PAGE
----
If you are a Facebook user, be careful: your mobile and your email address could have been leaked online. Has happened with 533 million users whose personal data has been stolen and leaked for free on the internet.
The danger is enormous, since anyone can obtain this data and use it for example to impersonate those users. The theft affects users in 106 countries and among the leaked information are Facebook identifiers, their mobile numbers, addresses, biographies and in some cases the email address.
Almost 11 million Spanish users affected by the theft
On Facebook they affirm that the vulnerability that caused that massive data theft was already corrected in August 2019 and he was talking about “old data”, but still the amount of leaked data is enormous and its validity remains a real threat to all those affected.
Phone number, Facebook ID, Full name, Location, Past Location, Birthdate, (Sometimes) Email Address, Account Creation Date, Relationship Status, Bio.
Bad actors will certainly use the information for social engineering, scamming, hacking and marketing.
— Alon Gal (Under the Breach) (@UnderTheBreach) April 3, 2021
Troy Hunt, a cybersecurity expert and known for managing the Have I Been Pwned site, noted that found 2.5 million email addresses in that data theft: although it is a small percentage compared to the magnitude of the data theft, there are still many email addresses.
That information, like him Explain, can be used for phishing attacks where having the victim’s email and phone number is enough for cybercriminals.
What explained Alon Gal, Head of Cybersecurity Company Hudson Rock, almost 11 million users in Spain (10,894,206 specifically) are part of this leak, while the most affected countries are Egypt (44.8 million), Tunisia (39.5 million), Italy (35.6 million) and the United States (32.3 millions).
The proportion of emails that appear in the case of Facebook users in Spain is similarly small: as Xataka has learned, of those almost 11 million records, about 75,500 have an associated email address.
The discovery has been causing scares for a few months: in January a Telegram bot appeared It allowed that by entering a Facebook ID, the phone number associated with that ID would be returned to us if there was a correspondence.
Where did they get this data and how?
The data already surfaced in June 2020: a member of a hacking forum put that data up for sale, but unlike that post, these days the data was available for free and anyone could easily consult them because it is in plain text.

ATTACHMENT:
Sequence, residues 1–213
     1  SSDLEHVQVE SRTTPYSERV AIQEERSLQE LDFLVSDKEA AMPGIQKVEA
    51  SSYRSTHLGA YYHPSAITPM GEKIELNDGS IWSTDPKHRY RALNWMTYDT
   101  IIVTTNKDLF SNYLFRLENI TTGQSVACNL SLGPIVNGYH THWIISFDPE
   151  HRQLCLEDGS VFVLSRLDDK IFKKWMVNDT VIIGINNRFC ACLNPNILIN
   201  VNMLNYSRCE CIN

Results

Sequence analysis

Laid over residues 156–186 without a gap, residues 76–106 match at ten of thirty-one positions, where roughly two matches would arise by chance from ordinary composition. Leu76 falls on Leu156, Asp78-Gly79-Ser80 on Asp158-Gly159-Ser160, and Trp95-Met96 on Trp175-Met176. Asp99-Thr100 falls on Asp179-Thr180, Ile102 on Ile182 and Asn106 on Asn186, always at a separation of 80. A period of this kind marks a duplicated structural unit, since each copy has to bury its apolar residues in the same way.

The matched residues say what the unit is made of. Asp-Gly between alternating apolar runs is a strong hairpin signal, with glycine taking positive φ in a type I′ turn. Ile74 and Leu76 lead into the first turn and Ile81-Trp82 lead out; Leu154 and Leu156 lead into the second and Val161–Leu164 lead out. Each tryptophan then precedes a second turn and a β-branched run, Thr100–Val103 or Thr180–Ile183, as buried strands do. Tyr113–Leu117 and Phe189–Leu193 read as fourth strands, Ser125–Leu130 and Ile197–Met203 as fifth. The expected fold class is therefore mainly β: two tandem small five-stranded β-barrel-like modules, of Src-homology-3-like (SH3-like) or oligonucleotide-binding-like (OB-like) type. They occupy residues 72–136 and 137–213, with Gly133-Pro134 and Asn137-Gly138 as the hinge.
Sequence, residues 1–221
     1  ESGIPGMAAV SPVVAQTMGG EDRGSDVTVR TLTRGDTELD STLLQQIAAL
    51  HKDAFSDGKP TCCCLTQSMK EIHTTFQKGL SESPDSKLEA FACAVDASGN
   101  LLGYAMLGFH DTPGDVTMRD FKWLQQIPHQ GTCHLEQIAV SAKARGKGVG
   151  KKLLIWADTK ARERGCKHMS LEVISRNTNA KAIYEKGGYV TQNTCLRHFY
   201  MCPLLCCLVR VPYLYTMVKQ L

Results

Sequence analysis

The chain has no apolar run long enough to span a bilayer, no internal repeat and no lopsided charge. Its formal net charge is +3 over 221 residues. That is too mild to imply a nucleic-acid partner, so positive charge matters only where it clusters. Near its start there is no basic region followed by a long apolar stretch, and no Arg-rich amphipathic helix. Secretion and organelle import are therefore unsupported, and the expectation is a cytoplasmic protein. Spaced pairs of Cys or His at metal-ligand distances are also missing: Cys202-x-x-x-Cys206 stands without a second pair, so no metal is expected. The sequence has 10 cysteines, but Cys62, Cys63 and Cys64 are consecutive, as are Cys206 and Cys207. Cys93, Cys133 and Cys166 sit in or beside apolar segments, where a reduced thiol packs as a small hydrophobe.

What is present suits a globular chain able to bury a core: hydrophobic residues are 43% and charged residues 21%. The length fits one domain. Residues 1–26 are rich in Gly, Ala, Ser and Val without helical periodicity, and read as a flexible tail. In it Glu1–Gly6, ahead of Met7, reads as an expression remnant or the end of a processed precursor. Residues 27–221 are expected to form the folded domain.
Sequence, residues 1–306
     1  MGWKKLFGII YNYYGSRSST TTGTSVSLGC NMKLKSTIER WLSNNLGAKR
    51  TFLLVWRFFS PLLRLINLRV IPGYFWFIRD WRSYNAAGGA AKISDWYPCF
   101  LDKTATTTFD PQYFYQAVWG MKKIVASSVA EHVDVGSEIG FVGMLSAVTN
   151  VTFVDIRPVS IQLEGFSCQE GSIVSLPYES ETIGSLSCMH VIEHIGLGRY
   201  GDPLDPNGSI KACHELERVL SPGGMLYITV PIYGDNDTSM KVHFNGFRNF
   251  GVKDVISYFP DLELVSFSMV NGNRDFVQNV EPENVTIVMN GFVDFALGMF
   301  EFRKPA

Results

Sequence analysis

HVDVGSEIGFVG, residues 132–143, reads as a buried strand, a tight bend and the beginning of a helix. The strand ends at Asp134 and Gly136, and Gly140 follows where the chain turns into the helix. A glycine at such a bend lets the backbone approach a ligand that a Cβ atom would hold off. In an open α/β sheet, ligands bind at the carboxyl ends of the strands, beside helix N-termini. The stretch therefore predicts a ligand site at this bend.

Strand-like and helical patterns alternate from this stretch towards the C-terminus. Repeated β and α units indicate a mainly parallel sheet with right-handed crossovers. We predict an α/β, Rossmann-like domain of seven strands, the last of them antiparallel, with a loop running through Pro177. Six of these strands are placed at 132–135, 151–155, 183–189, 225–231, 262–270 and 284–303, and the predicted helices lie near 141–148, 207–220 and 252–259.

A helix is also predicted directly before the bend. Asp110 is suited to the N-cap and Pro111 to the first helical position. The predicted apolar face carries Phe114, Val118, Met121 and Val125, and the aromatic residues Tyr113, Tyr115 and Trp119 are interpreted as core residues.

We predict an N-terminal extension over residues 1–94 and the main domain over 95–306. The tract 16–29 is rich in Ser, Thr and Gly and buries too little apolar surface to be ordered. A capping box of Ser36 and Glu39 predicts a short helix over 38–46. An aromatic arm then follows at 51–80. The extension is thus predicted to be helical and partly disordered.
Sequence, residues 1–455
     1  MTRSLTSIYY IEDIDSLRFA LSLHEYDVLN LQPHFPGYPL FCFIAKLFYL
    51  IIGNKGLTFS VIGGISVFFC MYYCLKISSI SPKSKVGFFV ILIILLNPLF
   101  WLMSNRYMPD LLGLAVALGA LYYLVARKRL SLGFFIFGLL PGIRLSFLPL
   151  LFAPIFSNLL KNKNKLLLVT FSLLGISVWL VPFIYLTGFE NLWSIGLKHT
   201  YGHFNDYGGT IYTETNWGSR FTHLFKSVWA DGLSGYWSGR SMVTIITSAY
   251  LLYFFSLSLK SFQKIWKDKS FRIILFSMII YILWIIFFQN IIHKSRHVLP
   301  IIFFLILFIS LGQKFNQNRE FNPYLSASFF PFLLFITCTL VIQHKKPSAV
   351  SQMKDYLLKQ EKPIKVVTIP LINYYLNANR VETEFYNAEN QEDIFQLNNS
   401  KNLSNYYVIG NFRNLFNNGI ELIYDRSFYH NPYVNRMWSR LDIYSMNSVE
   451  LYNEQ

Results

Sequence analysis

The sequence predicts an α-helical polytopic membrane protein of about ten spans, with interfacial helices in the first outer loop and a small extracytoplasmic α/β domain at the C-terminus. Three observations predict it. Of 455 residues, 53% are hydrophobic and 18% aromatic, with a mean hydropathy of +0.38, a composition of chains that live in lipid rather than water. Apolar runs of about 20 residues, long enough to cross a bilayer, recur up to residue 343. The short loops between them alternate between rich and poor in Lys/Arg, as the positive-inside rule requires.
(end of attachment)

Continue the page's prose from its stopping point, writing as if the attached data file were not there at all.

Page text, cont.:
These data appear to come from a robbery that occurred in April 2019 and what researchers at the security firm UpGuard discovered. The data was available on a public server that took months to be patched.
The 146 GB file It contained nearly 540 million records and was one of the largest in a troubling history of data theft on Facebook.
Just the previous month it had been discovered how Facebook stored passwords for hundreds of millions of accounts in plain text, and although only company employees had access to that file, his discovery was haunting.
Changing passwords and enabling two-step authentication can prevent many future scares
Hunt has already included those email addresses in its database, which means that it doesn’t hurt to go through their website, put our email address in the search engine and so on. know if that address is part of the data theft.
It is important to note that the fact that your email is not included in this massive data theft it does not mean that many other data associated with your Facebook ID are not part of this leak: As we said, there are many accounts in which a lot of information has been leaked but not an associated email.
Indeed Troy Hunt asked to their followers if they would like to be able to carry out that search for those affected not only by email, but by mobile number. Two out of three believed that this type of data should also be offered to carry out searches, although for the rest offering this search by mobile phone number was risky.
If so, the recommendation is to change the password of Facebook and even that of the email account —A good password manager helps to simplify and guarantee that process — and add two-step authentication to those accounts (and other important services to us).
In this last tip there is an important consideration: if possible, do not use SMS as a two-step authentication method; it is much better to use applications like Google Authenticator or Microsoft Authenticator for that purpose.
Via | Insider